Mackenzie and Amy were best friends. Until Amy was brutally murdered.
Since then, Mac’s life has been turned upside down. She is being haunted by Amy in her dreams, and an extremist group called the Trackers has come to Mac’s hometown of Hemlock to hunt down Amy’s killer: A white werewolf.
Lupine syndrome—also known as the werewolf virus—is on the rise across the country. Many of the infected try to hide their symptoms, but bloodlust is not easy to control.
Wanting desperately to put an end to her nightmares, Mac decides to investigate Amy’s murder herself. She discovers secrets lurking in the shadows of Hemlock, secrets about Amy’s boyfriend, Jason, her good pal Kyle, and especially her late best friend. Mac is thrown into a maelstrom of violence and betrayal that puts her life at risk.
Kathleen Peacock’s thrilling novel is the first in the Hemlock trilogy, a spellbinding urban fantasy series filled with provocative questions about prejudice, trust, lies, and love.
Hemlock has many strengths but one of the most fascinating aspects of it is the atmosphere that infuses the narrative intermittently and fragments the novel in a way that, instead of making the novel choppy, makes it flow smoother. Peacock’s imagery is very strong but there is subtlety to it that I liked very much. This subtlety is most apparent in scenes when Mackenzie is conversing with Amy in one of her dreams. The stillness of the setting coupled with the Amy’s ghostly visage that has a mixture of cruelty and vulnerability to it is superbly transmitted through Peacock’s writing.
Moving into the review proper, let me discuss the aspects of the novel itself. Even though it is constructed as a paranormal romance, at the heart of it, the novel is a whodunit. A crime story that has a reveal that I, for once, did not predict. Mackenzie is an easy protagonist to empathize with. Her fierceness where her friends are concerned sound sincere and work in her favour. There is a love triangle but for once, I did not have much trouble working with it as Mac does not lead on one of the guys. This is not to imply that there is no ambiguity in her feelings in the beginning because there is but for the most part, Mac’s romantic feelings are very clear and I appreciated that.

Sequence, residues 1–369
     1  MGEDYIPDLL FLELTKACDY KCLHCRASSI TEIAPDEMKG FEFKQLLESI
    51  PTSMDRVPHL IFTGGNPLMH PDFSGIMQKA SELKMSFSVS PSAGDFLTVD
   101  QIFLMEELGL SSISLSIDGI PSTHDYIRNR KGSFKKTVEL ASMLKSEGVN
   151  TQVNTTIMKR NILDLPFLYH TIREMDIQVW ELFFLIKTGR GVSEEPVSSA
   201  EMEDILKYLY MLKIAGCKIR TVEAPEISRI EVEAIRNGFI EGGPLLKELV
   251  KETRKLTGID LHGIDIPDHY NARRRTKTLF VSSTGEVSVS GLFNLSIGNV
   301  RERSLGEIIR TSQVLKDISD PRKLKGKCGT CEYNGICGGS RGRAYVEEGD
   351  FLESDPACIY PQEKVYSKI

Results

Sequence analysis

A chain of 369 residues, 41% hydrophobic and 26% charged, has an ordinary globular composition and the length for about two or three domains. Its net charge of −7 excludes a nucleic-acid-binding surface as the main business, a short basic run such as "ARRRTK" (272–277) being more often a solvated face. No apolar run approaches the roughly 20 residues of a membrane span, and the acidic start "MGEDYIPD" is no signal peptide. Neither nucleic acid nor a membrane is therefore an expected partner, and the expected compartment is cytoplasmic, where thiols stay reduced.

That said, there were still some issues that I had with the novel. The first was that the mythology, the werewolf-ery is not very well explored. That might be because Peacock is saving that for the next book (which very well might be the case) but I would have liked a lot more information on what being a werewolf entails. The other is the presence of the multiple Mean Girls. I wish authors would realize that perpetuating this mean girl trope works to create divides in girls and while I’m not from the school of naïve thought that teaches all girls share a common sisterhood, I do believe that the portrayal of such characters lead to normalizing them. So yeah, no bueno.
These issues aside, I really did enjoy the novel. I thought it was well constructed, paced and characterized. The trackers were frightening and gave a glimpse to the depths humanity can sink to defend itself. I recommend this to anyone who likes a good murder mystery populated by werewolves, crazy people and spunky heroines.